I would also add that this would fit down most high streets. And indeed across most bridges, which is surely a good thing.

One thing though, they make great play about it’s mine/IED protection, but no real mention of the roof armour. I’m thinking of urban environments – rooftops and upstairs windows.

x
x
July 15, 2014 9:18 pm

@ David Niven

No. I was hoping for something that could be pushed through the water a bit quicker than the wonderful Bronco (no jets, twin hull, etc.) . On “paper” this G5 seems to be a good “M113/FV432” replacement/alternative. Probably a bit too narrow and light for modern British Army………

DavidNiven
DavidNiven
July 15, 2014 10:04 pm

@X

‘this G5 seems to be a good “M113/FV432″ replacement/alternative.’

Or we could save some money and upgrade the 432 a bit more, rather than replacing it with a vehicle that does not really offer much more in terms of capability.

x
x
July 15, 2014 10:05 pm

Then again this was rejected by the Army for FRES SV because it was too narrow, too short, and too light……

http://static1.businessinsider.com/image/53bea4bc6bb3f71272e31146-1680-1120/140709-m-dp650-004.jpg

………but at least it swims. :)

x
x
July 15, 2014 10:16 pm

@ David Niven

I saw that when you first said it. Those things are old. They can’t go on forever. A modern vehicle like G5 and an 8×8 are what the Army need now. I see 432 longevity more as proof that we need more of the same but made an in age when metric not Imperial was used on drawings. Preferably drawings on a CAD screen and not A0 paper. What is annoying is that there are so many options out there yet the powers-that-be don’t seem interested or care. Tendering is supposed to deliver value with ASCOD it hasn’t……..

These, NSFW but not too NSFW, may change your mind………

http://sarah-dettke.jimdo.com/bodypaint-galerie/military-pin-up/

DavidNiven
DavidNiven
July 15, 2014 10:27 pm

@X
‘They can’t go on forever’

Agreed, but they have just had a new engine and there is an armour package already developed. How much would it cost to upgrade the fleet with raised suspension and add band tracks and a shallow v plate and whatever is required for seating improvements?

For the cost of the FRES SV development we could probably update all the 432’s and issue them to as many units that are without transport at the moment, until we can slowly replace them with the wheeled utility vehicle.

Chris
Chris
July 15, 2014 10:59 pm

DN – ref 432 – I’m amazed/confused on the evidence of the ever so slightly modified Off-The-Shelf buy of ASCOD/FRES that you assume modifying 432 suspension hull track and internal arrangement would be cheaper than designing new? I don’t know how they do it; its a peculiar skill of MOD to set requirements for modifications that cost quite so much. So I’d guess by the time re-modified 432 was ready for service 1) it would be years too late, and 2) there wouldn’t be any cash left in the kitty to buy FRES-UV/UV-Wheeled.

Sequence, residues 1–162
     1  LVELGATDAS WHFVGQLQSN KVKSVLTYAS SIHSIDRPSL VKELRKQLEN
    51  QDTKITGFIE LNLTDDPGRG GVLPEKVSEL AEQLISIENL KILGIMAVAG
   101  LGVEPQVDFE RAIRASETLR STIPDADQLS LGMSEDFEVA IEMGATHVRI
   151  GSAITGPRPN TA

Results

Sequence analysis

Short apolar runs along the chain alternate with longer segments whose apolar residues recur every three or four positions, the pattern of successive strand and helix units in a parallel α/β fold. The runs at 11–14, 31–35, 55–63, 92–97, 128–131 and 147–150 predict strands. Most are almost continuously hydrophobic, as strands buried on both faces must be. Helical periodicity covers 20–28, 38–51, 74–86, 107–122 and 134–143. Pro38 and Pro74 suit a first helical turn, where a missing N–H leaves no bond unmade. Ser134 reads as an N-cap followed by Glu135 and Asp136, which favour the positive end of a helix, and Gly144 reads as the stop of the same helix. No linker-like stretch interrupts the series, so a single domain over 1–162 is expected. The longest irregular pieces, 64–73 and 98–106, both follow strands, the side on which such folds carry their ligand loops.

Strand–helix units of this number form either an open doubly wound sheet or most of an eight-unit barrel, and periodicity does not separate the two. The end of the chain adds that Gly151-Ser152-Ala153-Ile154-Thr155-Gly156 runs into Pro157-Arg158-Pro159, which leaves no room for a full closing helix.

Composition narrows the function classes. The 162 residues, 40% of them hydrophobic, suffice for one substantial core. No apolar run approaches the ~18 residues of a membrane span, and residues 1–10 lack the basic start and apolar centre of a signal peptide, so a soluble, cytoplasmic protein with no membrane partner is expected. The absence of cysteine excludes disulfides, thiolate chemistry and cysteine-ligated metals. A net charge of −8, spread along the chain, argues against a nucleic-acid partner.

x
x
July 15, 2014 11:41 pm

@ David Niven

I don’t disagree with your thinking I just think they need a new vehicle. And yes the ASCOD FRES SV is complete waste of money; the more you look at the problem the more it is this purchase (and Mastiff) set against the Warrior refurb programme, off the shelf options like this vehicle and say Bronco, and the structure of 3 Div that throw the Reaction Force orbat/structure out of balance. How much money are you going to throw at testing the refurb when you could just start buying a new vehicle? As were discussing there is a need for a 432 replacement? And is 8×8 the answer to all Adaptive Force problems; look at ASLAV vs M113? I would say the 432 replacement for 3 Div makes up say a third of the main vehicle purchase for AF with the rest being the 8×8 (or 6×6) vehicle. There is no logic to 3 Div with ASCOD and Mastiff in the mix.

A Different Gareth
A Different Gareth
July 15, 2014 11:58 pm

Slightly Agricultural said: “I don’t really see how the modular bit swaps, and the catalogue isn’t very informative (liked the arabic version, that’s a nice touch).”

The rectangular flat part of the roof is what gets swapped, with a frame underneath for seats and equipment to be attached as per each type of module. Rear door stays on the base vehicle. Sides stay on the base vehicle. Front driver and engine space remains as is. The modules are like a cartridge being slotted in from above.

The PMMC G5 was one of the contenders for a Danish APC tender, along with the CV90, ASCOD, Piranha and something else. The G5 is the light coloured vehicle bringing up the rear in this youtube video. The vehicle size is difficult to pin down. The modules are said to be compatible with containers, the vehicle is quite a bit wider than the modules and is by no means dwarfed by the other vehicles in the video I have linked to.